Lunar mare present many excellent examples of wrinkle ridges, where tectonic activity caused the foreshortening of near-surface rocks. The loading of large basins by dense mare basalts is thought to have resulted in isostatic adjustment of the underlying anorthositic crust, leading to buckling and overriding of surface rock units one atop another as compression occurred. The same stresses may also produce extensional (rather than compressional) deformation in adjacent areas. A variety of complex landforms can thus result.
Most of the ridges we see in today's Featured Image are produced by thrust faulting in Mare Frigoris. Just below center in the Featured Image frame, however, is a left-lateral strike-slip fault (also called a sinistral fault). Wrinkle ridges can be lumpy and ropey-looking, not exactly what comes to mind when one thinks of a textbook compressional fault. But in cross section the faulting would be readily apparent (refer again to the links above). Just south of the strike-slip fault are zones of extension where tension cracks have formed (small white arrow in Featured Image).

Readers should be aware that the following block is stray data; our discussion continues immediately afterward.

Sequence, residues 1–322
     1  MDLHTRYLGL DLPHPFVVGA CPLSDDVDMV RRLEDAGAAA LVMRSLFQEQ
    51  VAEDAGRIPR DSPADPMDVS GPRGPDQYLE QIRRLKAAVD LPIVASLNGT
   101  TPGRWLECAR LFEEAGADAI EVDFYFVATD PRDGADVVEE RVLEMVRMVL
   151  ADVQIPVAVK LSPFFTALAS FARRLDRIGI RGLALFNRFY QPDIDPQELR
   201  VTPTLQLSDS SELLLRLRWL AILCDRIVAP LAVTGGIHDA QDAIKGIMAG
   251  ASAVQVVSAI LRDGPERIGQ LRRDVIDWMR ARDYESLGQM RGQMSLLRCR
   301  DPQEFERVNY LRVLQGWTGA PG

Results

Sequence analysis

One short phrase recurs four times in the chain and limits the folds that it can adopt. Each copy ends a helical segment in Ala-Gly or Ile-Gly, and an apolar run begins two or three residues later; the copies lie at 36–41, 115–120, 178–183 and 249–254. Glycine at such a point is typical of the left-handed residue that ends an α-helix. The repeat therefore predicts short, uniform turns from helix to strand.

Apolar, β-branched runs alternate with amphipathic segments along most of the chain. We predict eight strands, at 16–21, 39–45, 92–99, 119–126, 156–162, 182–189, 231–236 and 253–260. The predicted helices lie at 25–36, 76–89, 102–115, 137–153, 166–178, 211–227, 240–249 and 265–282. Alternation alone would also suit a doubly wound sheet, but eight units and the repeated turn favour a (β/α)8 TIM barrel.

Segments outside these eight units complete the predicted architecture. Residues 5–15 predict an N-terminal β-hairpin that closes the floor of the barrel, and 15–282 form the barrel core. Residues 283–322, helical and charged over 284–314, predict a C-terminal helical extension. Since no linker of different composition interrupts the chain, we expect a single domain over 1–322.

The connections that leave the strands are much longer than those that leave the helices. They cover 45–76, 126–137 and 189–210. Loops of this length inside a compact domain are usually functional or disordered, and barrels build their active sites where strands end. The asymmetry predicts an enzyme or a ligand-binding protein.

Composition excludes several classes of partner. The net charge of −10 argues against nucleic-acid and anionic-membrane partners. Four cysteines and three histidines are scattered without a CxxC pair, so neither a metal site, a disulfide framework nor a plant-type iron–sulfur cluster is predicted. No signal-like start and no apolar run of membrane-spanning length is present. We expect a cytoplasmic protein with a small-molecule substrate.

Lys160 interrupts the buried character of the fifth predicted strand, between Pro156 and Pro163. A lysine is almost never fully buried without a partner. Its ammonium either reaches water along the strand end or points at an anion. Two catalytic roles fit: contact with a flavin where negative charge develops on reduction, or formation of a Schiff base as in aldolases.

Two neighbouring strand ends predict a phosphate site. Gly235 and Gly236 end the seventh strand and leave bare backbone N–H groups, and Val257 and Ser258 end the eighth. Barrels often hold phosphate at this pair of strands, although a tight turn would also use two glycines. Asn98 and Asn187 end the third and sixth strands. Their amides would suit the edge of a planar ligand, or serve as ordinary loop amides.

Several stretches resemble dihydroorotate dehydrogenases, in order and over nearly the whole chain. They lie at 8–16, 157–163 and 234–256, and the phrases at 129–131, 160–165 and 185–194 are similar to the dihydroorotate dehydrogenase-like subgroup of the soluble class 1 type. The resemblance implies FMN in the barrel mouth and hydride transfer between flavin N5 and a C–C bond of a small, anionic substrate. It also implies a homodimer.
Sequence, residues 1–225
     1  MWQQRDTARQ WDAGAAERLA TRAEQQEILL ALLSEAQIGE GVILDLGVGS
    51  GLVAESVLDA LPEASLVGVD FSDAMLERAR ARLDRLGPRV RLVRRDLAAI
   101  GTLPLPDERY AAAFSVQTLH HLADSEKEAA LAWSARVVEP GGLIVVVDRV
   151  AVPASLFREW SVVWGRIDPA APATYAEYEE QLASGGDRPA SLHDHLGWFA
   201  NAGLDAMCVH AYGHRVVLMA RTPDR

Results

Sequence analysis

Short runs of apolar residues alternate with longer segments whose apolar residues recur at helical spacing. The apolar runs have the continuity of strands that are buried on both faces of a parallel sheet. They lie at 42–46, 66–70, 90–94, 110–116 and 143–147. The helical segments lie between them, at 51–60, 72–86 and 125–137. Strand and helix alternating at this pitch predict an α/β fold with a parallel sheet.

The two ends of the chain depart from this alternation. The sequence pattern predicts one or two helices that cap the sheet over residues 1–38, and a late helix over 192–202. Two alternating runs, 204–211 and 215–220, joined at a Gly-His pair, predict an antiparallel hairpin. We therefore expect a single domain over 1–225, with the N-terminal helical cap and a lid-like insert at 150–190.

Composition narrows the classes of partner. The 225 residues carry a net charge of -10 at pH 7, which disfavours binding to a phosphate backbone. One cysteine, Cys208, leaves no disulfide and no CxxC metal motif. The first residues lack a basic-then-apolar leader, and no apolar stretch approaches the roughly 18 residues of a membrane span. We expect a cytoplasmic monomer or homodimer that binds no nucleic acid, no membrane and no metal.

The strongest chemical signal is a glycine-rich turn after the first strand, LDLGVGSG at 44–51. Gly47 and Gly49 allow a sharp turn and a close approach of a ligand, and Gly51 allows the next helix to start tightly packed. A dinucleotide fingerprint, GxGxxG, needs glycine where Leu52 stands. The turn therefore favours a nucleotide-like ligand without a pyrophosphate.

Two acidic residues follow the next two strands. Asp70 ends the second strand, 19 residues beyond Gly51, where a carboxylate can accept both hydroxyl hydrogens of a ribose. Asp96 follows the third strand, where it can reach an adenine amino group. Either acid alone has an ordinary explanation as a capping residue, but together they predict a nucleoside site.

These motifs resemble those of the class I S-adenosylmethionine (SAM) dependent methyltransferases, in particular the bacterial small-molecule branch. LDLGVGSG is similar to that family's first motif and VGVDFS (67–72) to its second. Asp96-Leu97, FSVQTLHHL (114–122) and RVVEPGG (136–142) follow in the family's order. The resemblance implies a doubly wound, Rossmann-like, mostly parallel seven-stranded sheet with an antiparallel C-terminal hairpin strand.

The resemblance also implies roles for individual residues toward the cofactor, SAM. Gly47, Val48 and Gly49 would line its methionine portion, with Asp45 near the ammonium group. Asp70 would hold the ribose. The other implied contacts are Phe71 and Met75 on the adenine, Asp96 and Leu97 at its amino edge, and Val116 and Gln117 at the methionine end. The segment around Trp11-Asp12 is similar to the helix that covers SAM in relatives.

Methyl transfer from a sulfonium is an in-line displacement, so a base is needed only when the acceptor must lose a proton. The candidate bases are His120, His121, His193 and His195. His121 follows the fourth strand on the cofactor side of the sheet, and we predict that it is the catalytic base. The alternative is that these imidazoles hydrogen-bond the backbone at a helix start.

Morphologic nuances can be explored elsewhere in the NAC frame. Note the ropey appearance of some of these ridges, again showing that motions within the rock were complex indeed. Other examples of strike-slip faults have been found in association with lobate scarps on the Moon. Recent evidence suggests that shrinkage of the Moon from deeply seated internal cooling may have contributed to the occurrence of some lobate scarps and wrinkle ridges.
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